Published: Tue, November 29, 2016
Economy | By Melissa Porter

Millions may now lose eligibility for overtime after ruling

Millions may now lose eligibility for overtime after ruling

A rule created to extend overtime pay to more than four million Americans was blocked by the federal court in Texas Tuesday night.

Set to take effect December 1, the rule would have doubled to $47,500 the maximum salary a worker can earn while being eligible for mandatory overtime pay.

As the rules work now, companies can avoid paying overtime to full-time salaried employees making as little as $23,660 by classifying them as "exempt". However, the U.S. Chamber of Commerce withstood against the rule's implementation as it would "substantially increase the labor costs of. nonprofit employers and state and local governments".

Business groups had argued the rule would lead to layoffs and some employees had looked forward to mor overtime, bigger paychecks, especially during the holiday rush.

With Republicans controlling both houses in Congress and the Trump administration set to take office in less than two months, the new overtime rule's long-term future remains in limbo.

The Department of Labor projected more than 4 million people would be seeing a pay raise.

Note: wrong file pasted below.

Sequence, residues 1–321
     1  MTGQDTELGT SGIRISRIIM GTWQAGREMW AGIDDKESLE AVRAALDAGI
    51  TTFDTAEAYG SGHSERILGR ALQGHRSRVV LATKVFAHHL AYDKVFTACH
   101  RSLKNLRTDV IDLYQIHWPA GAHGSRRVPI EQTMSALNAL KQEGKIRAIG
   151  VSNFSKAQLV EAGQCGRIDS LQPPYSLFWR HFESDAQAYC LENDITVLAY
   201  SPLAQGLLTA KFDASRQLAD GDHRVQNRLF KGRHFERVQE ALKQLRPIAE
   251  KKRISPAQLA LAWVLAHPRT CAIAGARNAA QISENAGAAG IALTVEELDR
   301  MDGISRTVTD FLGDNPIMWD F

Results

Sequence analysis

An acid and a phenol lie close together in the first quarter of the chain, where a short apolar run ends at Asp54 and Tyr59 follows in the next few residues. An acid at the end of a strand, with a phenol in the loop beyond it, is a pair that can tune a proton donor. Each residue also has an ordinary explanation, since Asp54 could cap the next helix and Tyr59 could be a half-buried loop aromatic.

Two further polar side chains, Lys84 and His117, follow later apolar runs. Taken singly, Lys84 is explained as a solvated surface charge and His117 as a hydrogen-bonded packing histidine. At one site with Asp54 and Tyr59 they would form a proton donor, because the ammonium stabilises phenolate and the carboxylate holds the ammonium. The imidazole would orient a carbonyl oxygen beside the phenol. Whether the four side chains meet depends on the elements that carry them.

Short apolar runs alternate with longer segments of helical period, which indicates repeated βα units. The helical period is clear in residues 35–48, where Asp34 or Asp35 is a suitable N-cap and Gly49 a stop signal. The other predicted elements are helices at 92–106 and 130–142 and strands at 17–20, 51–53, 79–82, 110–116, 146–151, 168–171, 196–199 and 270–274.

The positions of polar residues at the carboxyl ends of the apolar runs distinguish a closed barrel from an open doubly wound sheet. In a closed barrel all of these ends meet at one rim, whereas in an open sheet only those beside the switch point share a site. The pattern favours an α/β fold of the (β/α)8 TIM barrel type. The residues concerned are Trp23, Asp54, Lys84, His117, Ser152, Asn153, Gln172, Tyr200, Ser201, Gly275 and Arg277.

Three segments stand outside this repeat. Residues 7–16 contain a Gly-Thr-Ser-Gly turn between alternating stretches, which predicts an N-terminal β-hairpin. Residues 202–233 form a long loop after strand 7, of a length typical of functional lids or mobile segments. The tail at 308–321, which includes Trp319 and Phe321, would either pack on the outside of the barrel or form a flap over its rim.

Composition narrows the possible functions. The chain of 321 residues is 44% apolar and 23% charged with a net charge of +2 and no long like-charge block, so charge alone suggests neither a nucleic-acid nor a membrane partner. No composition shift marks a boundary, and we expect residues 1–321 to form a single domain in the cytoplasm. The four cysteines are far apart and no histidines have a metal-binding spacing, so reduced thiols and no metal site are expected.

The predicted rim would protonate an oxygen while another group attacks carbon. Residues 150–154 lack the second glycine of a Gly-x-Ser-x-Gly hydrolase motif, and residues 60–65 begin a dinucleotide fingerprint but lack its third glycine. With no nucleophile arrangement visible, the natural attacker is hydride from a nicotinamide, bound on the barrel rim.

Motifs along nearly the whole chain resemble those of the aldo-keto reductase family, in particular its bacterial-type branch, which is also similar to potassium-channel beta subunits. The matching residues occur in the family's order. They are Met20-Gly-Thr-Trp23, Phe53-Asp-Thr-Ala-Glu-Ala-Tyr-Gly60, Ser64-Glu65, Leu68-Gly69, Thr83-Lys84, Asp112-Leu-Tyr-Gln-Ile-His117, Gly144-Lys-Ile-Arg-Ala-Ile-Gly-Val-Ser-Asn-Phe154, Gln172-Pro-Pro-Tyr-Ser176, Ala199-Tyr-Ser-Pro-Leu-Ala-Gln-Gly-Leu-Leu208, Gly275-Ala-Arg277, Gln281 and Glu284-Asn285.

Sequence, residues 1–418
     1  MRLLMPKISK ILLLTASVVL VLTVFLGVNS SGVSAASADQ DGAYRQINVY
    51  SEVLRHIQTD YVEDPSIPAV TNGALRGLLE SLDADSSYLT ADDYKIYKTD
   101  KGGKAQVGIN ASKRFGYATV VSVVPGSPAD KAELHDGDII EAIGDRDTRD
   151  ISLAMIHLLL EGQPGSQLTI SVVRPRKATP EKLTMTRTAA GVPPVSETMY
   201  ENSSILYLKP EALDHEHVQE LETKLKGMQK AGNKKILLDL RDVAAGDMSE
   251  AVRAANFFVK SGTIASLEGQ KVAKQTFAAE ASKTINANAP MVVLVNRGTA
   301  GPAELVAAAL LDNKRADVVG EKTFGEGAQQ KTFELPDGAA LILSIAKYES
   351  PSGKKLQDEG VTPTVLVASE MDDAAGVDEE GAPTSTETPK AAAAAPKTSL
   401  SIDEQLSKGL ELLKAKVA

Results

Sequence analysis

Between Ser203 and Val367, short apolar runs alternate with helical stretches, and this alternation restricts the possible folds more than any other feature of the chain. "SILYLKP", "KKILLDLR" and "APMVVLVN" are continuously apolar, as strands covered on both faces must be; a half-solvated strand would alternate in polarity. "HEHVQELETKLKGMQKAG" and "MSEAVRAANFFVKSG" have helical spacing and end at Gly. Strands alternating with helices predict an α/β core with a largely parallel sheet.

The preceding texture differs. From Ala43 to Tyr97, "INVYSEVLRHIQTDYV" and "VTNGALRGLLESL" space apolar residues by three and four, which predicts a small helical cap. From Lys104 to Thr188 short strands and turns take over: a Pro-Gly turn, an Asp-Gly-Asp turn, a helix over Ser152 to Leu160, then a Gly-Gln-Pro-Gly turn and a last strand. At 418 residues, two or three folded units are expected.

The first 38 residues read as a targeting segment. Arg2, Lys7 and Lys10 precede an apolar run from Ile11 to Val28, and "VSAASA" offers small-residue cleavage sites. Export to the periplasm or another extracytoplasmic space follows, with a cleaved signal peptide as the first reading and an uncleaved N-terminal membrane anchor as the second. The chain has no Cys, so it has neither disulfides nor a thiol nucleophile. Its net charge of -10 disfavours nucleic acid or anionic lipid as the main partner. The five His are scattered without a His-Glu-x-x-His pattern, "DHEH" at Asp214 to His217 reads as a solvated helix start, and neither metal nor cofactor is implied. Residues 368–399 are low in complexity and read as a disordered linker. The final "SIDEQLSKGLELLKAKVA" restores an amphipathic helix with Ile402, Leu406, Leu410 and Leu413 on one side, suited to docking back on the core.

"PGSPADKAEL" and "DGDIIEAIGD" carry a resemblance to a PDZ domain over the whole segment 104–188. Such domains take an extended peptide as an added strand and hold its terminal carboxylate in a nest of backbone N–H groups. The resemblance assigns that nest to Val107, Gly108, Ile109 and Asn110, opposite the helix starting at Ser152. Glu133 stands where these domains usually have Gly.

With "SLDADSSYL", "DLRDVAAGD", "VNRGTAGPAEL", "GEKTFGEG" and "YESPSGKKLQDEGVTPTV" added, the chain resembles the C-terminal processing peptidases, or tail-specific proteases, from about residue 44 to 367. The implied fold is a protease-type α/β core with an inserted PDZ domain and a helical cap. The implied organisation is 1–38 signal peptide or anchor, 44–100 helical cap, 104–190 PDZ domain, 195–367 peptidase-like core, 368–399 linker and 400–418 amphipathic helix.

"We strongly disagree with the decision by the court, which has the effect of delaying a fair day's pay for a long day's work for millions of hardworking Americans", the labor department said in a statement.

"What the President-elect characterized as a "burden" is in fact the most basic workplace protection", Shields said.

Mezzant said Congress meant to create an exemption from the overtime rule in the Wage and Hour laws for employees who were in the executive, administrative and professional categories.

The overhaul will affect workers across all sectors, including those in postdoctoral research whose pay falls below the overtime limit. Others said that some workers would be assigned fewer hours.

If the labor department lawyers appeal Tuesday's ruling, they could end up facing a Supreme Court that includes some Trump appointees. But as a practical matter, and from an employee morale perspective, "it's very challenging to take it back", said Thomas Linthorst, an employer-side attorney at the law firm Morgan Lewis.

Opposition to the court's ruling has surfaced. While the December 1 effective date is now no longer mandated for employers because the injunction temporarily blocks the regulation, the future of the Final Rule remains uncertain. "We are now considering all of our legal options", the DOL said in a statement. Thus, the exemption from overtime for employees performing executive, administrative or professional duties (the "EAP exemption") no longer would apply to workers earning less than $913 a week.

Carpenter spent a good part of this year helping his clients figure out how to deal with the new rule.

Like this: